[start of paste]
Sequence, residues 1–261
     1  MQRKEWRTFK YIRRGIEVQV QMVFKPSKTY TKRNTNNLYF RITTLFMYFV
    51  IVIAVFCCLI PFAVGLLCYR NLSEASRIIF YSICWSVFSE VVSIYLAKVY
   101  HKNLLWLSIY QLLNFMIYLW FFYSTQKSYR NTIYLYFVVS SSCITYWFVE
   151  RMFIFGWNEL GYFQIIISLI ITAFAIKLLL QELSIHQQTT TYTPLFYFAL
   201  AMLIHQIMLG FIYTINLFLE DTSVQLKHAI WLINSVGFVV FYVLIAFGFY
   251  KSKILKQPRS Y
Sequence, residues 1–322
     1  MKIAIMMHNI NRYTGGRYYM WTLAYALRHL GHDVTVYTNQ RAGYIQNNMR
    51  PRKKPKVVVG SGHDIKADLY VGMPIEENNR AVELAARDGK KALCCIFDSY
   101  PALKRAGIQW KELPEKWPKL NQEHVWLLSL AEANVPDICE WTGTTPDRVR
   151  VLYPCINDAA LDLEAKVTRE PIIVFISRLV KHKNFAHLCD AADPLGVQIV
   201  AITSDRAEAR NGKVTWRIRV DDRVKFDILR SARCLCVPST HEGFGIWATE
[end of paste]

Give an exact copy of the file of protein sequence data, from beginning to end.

Sequence, residues 1–261
     1  MQRKEWRTFK YIRRGIEVQV QMVFKPSKTY TKRNTNNLYF RITTLFMYFV
    51  IVIAVFCCLI PFAVGLLCYR NLSEASRIIF YSICWSVFSE VVSIYLAKVY
   101  HKNLLWLSIY QLLNFMIYLW FFYSTQKSYR NTIYLYFVVS SSCITYWFVE
   151  RMFIFGWNEL GYFQIIISLI ITAFAIKLLL QELSIHQQTT TYTPLFYFAL
   201  AMLIHQIMLG FIYTINLFLE DTSVQLKHAI WLINSVGFVV FYVLIAFGFY
   251  KSKILKQPRS Y
Sequence, residues 1–322
     1  MKIAIMMHNI NRYTGGRYYM WTLAYALRHL GHDVTVYTNQ RAGYIQNNMR
    51  PRKKPKVVVG SGHDIKADLY VGMPIEENNR AVELAARDGK KALCCIFDSY
   101  PALKRAGIQW KELPEKWPKL NQEHVWLLSL AEANVPDICE WTGTTPDRVR
   151  VLYPCINDAA LDLEAKVTRE PIIVFISRLV KHKNFAHLCD AADPLGVQIV
   201  AITSDRAEAR NGKVTWRIRV DDRVKFDILR SARCLCVPST HEGFGIWATE